TurtleDove

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Re: Family Party. Please bring mac and cheese
« Reply #69 on: December 18, 2012, 11:51:40 AM »
So if you're the hostess, and you ask someone to bring xyz food, and they give you the impression they're going to bring it--mind you, she probably should have just said no and offered to bring something else, but assuming she says yes--you'd be OK with her showing up right at mealtime with the raw ingredients and asking you to cook it? You wouldn't feel put-upon?
I would never do any of the things mentioned in the OP, but again, this would not even register to me.  I truly do not care about food, especially at the expense of a human relationship.  If this is about something deeper, I would address the something deeper. Otherwise I would laugh it off (but again, I have never asked someone to bring something specific to anything I have hosted and I really would not care about this kind of thing).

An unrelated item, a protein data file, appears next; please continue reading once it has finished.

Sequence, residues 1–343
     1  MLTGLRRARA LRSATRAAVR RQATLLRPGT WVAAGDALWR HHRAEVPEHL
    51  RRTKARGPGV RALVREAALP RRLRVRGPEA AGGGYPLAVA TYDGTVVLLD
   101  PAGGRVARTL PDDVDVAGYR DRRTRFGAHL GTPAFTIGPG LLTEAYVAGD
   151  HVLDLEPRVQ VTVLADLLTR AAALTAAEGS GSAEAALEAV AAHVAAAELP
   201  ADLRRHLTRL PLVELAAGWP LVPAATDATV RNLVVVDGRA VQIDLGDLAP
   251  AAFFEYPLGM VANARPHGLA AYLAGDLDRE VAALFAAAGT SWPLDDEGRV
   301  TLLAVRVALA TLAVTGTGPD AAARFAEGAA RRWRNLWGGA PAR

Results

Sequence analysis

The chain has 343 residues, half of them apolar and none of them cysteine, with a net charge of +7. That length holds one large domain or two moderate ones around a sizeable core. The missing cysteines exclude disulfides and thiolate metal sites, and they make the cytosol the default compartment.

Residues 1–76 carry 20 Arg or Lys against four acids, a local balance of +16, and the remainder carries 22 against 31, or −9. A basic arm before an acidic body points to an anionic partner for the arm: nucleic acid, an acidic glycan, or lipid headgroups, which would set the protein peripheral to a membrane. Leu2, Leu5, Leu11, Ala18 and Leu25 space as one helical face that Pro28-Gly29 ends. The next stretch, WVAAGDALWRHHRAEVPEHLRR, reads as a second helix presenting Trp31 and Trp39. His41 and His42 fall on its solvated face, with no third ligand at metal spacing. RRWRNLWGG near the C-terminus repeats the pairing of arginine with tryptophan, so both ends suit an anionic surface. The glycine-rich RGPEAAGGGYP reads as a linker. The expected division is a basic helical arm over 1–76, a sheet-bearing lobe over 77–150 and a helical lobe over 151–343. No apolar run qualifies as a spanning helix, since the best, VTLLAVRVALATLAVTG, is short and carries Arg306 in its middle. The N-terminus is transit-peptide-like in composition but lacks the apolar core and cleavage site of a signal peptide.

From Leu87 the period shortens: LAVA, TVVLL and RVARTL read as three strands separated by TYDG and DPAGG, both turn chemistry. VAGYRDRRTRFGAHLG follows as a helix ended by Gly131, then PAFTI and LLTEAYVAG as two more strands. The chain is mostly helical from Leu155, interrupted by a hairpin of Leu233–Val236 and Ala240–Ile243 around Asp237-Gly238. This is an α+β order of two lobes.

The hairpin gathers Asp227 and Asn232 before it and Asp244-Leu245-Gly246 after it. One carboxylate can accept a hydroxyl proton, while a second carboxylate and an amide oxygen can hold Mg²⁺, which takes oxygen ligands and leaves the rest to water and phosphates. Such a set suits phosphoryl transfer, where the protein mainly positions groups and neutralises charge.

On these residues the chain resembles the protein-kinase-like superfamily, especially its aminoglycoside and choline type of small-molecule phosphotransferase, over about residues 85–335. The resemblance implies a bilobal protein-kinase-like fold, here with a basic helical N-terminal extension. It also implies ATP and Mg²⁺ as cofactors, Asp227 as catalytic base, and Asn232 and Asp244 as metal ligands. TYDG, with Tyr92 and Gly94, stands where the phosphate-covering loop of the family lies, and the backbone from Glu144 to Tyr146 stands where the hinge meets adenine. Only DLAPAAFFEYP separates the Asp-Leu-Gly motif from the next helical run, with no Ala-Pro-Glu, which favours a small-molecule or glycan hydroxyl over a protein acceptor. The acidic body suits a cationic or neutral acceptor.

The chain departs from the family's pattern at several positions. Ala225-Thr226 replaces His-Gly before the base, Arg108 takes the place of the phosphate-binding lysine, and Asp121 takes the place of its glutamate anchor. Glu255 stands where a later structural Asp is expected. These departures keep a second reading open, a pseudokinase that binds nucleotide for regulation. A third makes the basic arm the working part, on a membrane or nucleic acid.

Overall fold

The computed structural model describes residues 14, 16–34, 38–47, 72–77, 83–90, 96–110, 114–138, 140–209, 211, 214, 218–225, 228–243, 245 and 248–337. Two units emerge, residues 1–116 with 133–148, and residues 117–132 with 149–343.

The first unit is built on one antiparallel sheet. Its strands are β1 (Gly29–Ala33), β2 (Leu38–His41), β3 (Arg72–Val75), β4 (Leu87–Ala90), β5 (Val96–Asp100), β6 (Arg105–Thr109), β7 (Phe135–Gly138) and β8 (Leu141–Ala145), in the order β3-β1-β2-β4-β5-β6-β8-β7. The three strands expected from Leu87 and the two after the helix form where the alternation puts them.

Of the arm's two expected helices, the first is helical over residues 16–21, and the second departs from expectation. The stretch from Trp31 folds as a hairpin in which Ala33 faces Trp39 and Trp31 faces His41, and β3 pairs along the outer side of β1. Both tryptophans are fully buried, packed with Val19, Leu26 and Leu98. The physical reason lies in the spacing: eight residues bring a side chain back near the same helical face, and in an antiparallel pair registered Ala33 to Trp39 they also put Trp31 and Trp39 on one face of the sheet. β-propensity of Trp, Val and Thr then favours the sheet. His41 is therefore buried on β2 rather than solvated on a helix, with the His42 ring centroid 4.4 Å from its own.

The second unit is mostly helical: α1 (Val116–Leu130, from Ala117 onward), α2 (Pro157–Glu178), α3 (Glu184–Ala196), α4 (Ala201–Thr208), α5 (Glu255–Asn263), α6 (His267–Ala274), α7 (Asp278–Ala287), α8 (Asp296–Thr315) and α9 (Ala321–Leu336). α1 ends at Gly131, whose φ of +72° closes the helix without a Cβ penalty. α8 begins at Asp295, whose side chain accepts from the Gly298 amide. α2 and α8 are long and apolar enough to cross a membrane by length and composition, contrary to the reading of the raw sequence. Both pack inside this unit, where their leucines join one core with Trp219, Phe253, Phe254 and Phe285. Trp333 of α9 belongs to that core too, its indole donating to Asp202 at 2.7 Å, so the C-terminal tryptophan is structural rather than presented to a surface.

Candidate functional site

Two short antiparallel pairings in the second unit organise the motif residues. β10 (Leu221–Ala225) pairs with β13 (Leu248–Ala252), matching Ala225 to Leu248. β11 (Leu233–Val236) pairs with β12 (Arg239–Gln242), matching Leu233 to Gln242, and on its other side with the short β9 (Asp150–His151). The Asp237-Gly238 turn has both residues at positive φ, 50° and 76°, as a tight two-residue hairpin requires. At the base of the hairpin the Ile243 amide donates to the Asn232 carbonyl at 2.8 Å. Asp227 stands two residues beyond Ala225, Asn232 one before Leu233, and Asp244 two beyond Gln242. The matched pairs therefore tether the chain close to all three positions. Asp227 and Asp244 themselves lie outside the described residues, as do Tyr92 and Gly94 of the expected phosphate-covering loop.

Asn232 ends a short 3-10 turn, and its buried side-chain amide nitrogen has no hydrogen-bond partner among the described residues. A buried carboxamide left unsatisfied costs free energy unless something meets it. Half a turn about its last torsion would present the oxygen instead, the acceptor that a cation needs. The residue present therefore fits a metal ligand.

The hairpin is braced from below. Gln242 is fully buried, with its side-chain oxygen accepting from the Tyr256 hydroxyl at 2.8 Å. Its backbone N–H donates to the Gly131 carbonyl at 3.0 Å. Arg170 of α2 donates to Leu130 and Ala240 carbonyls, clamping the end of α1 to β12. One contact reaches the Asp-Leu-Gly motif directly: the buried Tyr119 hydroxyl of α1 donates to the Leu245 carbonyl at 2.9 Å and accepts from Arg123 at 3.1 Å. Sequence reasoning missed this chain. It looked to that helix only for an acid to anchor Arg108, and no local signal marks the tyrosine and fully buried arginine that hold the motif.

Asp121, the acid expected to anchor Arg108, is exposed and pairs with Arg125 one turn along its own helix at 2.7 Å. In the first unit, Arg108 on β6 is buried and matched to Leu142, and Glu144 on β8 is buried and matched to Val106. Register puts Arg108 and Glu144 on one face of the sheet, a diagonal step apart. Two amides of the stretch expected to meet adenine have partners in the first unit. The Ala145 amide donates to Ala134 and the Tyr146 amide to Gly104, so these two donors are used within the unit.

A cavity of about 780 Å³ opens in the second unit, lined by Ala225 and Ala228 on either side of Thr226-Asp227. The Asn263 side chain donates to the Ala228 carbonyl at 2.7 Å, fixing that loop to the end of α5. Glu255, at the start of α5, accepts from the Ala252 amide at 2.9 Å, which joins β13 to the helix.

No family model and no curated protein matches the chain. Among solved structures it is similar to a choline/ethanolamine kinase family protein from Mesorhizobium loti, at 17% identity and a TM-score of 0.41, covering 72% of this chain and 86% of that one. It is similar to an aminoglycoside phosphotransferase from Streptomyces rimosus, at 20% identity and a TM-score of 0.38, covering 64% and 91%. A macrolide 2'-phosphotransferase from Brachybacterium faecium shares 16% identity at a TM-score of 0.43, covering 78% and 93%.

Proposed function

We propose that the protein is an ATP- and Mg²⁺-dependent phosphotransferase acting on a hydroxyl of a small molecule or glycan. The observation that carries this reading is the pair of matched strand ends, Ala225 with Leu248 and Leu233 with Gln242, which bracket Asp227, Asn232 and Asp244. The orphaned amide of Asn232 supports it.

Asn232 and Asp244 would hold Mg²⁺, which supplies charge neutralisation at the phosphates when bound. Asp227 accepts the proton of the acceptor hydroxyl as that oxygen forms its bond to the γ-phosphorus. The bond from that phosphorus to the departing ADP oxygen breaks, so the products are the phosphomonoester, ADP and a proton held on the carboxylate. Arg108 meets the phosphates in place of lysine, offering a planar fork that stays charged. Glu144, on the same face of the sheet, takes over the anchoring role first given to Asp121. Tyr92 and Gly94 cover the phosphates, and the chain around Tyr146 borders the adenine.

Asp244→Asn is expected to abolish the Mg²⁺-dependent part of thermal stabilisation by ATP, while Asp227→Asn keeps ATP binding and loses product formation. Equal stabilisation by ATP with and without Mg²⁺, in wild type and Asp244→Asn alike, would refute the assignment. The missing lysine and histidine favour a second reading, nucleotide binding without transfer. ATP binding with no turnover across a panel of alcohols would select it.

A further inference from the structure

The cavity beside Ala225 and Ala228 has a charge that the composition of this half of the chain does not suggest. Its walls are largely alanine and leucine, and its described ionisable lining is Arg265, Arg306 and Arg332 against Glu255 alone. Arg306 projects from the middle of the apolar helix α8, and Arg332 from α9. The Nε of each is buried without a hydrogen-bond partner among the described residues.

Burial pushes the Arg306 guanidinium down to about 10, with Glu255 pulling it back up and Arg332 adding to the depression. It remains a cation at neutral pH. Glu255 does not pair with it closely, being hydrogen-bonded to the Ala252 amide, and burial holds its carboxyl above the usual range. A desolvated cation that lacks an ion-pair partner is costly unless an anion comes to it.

TurtleDove

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Re: Family Party. Please bring mac and cheese
« Reply #70 on: December 18, 2012, 11:52:38 AM »
I just don't see "I don't know how" as a reasonable counter to a request to do something easy. Making mac and cheese isn't the same as giving a home perm or repairing brakes.

I can make boxed mac and cheese.  I have never attempted any other sort of mac and cheese.  If people want homemade mac and cheese (which is what your earlier comment was about) and insist that I make it, that seems really strange to me.  Cooking may be easy to you.  It causes me significant anxiety which is why I don't do it.  Not all people enjoy cooking, and I still don't understand why you would want someone who doesn't know how to cook to cook you something.